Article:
If an enzyme name is shown in bold, there is experimental evidence for this enzymatic activity.
|Superclasses:||Degradation/Utilization/Assimilation → Secondary Metabolites Degradation → Sugar Derivatives Degradation|
Some taxa known to possess parts of the pathway include : Acinetobacter sp. ADP1, Agrobacterium fabrum C58, Agrobacterium tumefaciens, Aquifex aeolicus, Aspergillus nidulans, Aspergillus niger, Bacillus subtilis, Clostridium acetobutylicum, Deinococcus radiodurans, Delftia acidovorans, Dickeya chrysanthemi, Dickeya dadantii 3937, Erwinia chrysanthemi EC16, Escherichia coli K-12 substr. MG1655, Haemophilus influenzae, Pectobacterium carotovorum, Pseudomonas aeruginosa, Pseudomonas putida, Pseudomonas sp., Pseudomonas syringae, Trichoderma reesei
Note: This is a chimeric pathway, comprising reactions from multiple organisms, and typically will not occur in its entirety in a single organism. The taxa listed here are likely to catalyze only subsets of the reactions depicted in this pathway.
Please note: This pathway does not represent a single organism. Rather, it is a superpathway assembled from pathways found in a variety of organisms. Its purpose is to provide an overview of the diversity of ways that microorganisms can degrade D-galacturonate, D-glucuronate and their precursors or derivatives.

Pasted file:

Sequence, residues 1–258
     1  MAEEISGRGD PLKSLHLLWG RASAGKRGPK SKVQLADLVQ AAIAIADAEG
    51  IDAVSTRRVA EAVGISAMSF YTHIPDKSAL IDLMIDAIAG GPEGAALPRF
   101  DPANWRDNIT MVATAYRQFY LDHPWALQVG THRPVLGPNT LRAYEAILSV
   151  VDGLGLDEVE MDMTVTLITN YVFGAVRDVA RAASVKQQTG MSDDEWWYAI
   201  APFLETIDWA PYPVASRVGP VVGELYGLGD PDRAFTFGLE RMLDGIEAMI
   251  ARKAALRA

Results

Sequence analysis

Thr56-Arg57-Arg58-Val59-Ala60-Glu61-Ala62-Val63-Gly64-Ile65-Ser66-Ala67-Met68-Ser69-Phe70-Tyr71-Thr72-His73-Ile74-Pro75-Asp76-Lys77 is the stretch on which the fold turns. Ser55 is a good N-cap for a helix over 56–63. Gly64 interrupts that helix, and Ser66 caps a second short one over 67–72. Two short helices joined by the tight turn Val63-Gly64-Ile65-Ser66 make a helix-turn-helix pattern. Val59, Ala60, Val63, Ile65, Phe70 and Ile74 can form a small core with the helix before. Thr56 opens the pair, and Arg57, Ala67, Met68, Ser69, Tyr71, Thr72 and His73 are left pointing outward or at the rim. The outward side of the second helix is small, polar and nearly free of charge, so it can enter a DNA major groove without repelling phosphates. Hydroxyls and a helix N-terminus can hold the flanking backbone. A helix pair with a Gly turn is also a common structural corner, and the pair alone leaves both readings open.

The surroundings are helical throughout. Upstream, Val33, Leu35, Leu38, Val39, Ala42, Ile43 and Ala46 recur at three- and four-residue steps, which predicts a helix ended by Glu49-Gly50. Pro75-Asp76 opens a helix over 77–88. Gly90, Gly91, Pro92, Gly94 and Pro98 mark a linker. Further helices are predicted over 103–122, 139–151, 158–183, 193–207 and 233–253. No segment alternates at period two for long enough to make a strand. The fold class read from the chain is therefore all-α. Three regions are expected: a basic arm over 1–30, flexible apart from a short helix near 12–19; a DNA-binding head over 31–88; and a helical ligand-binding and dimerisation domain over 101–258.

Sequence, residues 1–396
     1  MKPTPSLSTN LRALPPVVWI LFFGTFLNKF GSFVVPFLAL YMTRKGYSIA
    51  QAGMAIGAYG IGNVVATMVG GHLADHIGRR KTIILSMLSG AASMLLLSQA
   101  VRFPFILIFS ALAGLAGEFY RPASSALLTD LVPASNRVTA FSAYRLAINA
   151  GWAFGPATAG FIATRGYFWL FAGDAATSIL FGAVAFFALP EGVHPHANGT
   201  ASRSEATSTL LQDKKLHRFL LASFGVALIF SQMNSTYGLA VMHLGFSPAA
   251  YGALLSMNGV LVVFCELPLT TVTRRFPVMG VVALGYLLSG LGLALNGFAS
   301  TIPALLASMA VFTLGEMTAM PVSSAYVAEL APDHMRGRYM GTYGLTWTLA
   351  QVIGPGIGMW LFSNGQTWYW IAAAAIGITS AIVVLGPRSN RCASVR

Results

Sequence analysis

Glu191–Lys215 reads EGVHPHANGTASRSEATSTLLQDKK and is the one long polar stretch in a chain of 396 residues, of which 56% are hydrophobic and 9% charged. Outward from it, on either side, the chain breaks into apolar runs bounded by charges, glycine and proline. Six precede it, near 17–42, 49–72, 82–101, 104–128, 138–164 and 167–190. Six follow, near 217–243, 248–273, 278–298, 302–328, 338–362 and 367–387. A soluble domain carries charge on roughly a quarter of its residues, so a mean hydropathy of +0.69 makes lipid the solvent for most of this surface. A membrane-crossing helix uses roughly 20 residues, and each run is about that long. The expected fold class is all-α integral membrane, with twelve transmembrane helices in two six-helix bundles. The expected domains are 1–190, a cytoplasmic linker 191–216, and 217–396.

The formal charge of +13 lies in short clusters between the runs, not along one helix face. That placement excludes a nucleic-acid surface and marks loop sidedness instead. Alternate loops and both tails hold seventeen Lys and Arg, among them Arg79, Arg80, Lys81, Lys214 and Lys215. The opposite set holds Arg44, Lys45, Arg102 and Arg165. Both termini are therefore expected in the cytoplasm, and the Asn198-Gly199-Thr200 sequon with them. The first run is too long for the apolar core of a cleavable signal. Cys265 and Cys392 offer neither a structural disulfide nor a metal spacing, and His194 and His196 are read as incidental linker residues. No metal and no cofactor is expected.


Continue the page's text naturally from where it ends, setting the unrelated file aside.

Degradation of the pectin metabolite 5-dehydro-4-deoxy-D-glucuronate:
In Dickeya dadantii 3937 (previously known as Erwinia chrysanthemi strain 3937) the main pathway for degradation of the polygalacturonate component of pectin involves production of the monomer 5-dehydro-4-deoxy-D-glucuronate. It is degraded intracellularly by isomerization to 3-deoxy-D-glycero-2,5-hexodiulosonate followed by reduction to the common metabolite 2-dehydro-3-deoxy-D-gluconate. 2-dehydro-3-deoxy-D-gluconate is phosphorylated and then cleaved by an aldolase encoded by gene kdgA which produces the central metabolites D-glyceraldehyde 3-phosphate and pyruvate. In Escherichia coli the aldolase encoded by gene eda is involved in the Entner-Doudoroff pathway I. However, in Dickeya chrysanthemi this enzyme does not appear to be involved in D-gluconate catabolism and no product of the edd gene that encodes the phosphogluconate dehydratase of the Entner-Doudoroff pathway I could be detected in various species of Erwinia. These observations question the existence of the Entner-Doudoroff pathway in these organisms ( [HugouvieuxCotte94] and reviewed in [HugouvieuxCotte96]). See subpathway 4-deoxy-L-threo-hex-4-enopyranuronate degradation.